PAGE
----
News / Africa

Tribal Violence Leaves More Devastation in South Sudan

Displaced people who fled the attackers gather in Pibor County, January 17, 2012.
Displaced people who fled the attackers gather in Pibor County, January 17, 2012.
Hannah McNeish

Tribal violence in South Sudan’s Jonglei state recently reached alarming levels with thousands of armed young men involved in attacks on villages. The death toll has yet to be determined, but the United Nations says tens of thousands of people in Pibor County were forced to flee attackers.

In Pibor town, hundreds of displaced people gather in the midday sun, waiting for U.N. aid workers to distribute grain and cooking oil brought in by helicopter.

For many like Labakal Kalahin, whose daughter was killed by attackers firing on the family as they fled into the bush, this will be her first meal in seven days.

Kalahin says other family members have headed home to assess the damage, but she is staying with her children.

“We are staying here for security, to be safe," she explains. "I need food. I need bed sheets for covering. I need furniture, because everything has been thrown away by running away from the enemy."

New enemy

Before South Sudan gained independence in July, the enemy was Sudan, which the south fought for decades. Now, two South Sudanese communities - the Lou Nuer and Murle tribes - are pitted against each other in a series of brutal attacks on each other's villages.

The two tribes have fought for decades, mainly over cattle, but the fighting reached a new intensity earlier this month, when thousands of youths from the Lou Nuer marched on Pibor town, burning Murle homes and forcing an estimated 60,000 people to flee. Several smaller revenge attacks last week left about 100 people dead.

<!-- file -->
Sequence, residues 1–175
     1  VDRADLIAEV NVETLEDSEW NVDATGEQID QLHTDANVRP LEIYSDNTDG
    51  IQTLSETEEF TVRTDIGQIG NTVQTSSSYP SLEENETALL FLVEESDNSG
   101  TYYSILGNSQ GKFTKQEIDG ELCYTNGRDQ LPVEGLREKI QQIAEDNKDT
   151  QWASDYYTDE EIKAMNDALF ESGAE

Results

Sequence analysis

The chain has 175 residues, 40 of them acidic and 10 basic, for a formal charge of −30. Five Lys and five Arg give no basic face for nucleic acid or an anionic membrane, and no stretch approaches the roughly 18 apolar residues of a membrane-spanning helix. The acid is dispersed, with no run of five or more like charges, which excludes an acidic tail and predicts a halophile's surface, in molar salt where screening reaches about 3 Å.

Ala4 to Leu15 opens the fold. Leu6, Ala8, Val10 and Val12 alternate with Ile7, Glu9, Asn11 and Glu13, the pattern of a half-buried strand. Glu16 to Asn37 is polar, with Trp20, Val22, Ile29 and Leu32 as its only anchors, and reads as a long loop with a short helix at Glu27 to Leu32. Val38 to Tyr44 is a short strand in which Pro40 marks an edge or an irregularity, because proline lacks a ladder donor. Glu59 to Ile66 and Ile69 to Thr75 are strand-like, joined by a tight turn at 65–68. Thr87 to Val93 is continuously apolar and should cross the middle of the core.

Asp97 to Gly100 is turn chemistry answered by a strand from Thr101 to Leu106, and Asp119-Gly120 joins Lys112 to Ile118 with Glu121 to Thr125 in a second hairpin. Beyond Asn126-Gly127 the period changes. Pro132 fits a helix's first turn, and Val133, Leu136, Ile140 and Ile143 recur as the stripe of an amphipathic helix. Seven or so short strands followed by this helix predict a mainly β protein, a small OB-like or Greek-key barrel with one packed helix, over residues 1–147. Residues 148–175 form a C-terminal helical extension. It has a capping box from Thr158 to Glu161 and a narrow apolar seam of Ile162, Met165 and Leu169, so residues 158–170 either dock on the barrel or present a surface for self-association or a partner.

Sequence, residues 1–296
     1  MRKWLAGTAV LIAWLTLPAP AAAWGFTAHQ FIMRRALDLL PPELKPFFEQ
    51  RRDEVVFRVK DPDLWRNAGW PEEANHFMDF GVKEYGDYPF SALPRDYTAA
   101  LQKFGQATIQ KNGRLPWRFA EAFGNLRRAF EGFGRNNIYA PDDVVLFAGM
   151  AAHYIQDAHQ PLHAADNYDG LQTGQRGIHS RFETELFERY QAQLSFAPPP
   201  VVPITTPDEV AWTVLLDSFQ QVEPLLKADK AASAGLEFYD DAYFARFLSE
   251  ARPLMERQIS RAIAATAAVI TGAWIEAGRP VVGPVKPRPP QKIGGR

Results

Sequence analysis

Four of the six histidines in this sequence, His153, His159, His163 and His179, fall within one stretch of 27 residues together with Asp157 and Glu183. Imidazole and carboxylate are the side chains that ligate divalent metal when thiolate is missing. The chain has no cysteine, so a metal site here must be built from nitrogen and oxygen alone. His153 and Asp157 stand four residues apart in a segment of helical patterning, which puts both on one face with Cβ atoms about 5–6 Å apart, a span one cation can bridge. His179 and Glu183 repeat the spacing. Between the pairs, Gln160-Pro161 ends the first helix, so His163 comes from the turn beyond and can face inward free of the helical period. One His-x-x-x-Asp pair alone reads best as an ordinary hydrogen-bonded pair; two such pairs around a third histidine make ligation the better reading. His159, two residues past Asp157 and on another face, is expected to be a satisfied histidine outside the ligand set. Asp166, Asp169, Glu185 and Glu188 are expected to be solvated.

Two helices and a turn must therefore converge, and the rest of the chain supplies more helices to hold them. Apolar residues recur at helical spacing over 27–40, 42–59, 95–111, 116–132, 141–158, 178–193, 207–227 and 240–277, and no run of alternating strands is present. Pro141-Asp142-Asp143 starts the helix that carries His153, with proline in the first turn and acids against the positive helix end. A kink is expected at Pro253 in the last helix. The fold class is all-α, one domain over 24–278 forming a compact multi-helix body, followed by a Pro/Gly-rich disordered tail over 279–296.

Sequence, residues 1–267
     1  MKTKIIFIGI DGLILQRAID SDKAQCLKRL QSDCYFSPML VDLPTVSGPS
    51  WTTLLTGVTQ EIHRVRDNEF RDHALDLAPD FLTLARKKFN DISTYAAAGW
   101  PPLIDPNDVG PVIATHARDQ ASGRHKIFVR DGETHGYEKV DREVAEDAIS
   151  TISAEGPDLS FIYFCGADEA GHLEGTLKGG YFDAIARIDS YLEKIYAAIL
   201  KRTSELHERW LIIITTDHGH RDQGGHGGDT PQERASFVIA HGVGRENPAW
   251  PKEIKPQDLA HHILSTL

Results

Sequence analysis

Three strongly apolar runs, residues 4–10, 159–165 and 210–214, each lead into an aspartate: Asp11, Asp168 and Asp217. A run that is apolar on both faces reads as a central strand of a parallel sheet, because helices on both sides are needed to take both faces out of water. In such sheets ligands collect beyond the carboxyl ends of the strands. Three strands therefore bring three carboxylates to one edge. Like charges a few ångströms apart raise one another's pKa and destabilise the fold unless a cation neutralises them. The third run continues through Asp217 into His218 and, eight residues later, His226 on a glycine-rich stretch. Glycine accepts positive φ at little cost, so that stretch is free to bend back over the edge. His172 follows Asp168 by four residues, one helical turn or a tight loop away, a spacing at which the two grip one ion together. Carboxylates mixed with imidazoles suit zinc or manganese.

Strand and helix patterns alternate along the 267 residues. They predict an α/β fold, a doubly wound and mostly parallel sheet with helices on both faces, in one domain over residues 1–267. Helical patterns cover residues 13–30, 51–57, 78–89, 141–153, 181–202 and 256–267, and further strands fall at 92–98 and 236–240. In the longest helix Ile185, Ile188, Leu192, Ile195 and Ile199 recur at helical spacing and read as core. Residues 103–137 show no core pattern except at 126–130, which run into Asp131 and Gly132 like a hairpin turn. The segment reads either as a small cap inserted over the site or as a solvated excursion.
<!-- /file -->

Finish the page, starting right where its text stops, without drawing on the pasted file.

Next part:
A clinic owned by one of the few aid agencies working in Pibor, Doctors Without Borders, was looted in the attacks and about 80 local staff members are unaccounted for.

World Food Program South Sudan Country Director Chris Nikoi says the usual infrastructure challenges are hampering efforts to help tens of thousands of people thought to be scattered in the bush.

“There is a dearth of roads in South Sudan," said Nikoi. "It is almost impossible to move large quantities of food by road. So we are having to respond quickly by air. So the critical challenge is having appropriate helicopters, airplanes that can help us meet this need very quickly. Of course, that goes with the fact that we would also need some money.”

People wait at the food distribution center set up by the World Food Program in Gumuruk, 40 kilometers from Pibor, South Sudan, January 17, 2012.
People wait at the food distribution center set up by the World Food Program in Gumuruk, 40 kilometers from Pibor, South Sudan, January 17, 2012.

Food distribution

In Gumuruk, 40 kilometers from Pibor, the World Food Program has set up food distribution for 4,500 people.

Leaning against a stick and carrying a round stool to sit on, Koko Nareh Alan says he is here for food after losing 500 head of cattle in a deadly raid on his village nearby.

“They have taken cows, and abducted some women and children. They killed many people," said Alan. "They were shooting people, and if they get old men like me they were slaughtering.”

The elderly Alan says he does not know what to do after losing his fortune in a country where cattle are highly prized and represent a pension, dowry and insurance rolled into one.

In South Sudan, about 80 percent of the population relies on raising cattle and subsistence farming for a living. With whole villages burned to the ground and the fear of more attacks, people face a tough task trying to recover their livelihoods and loved ones.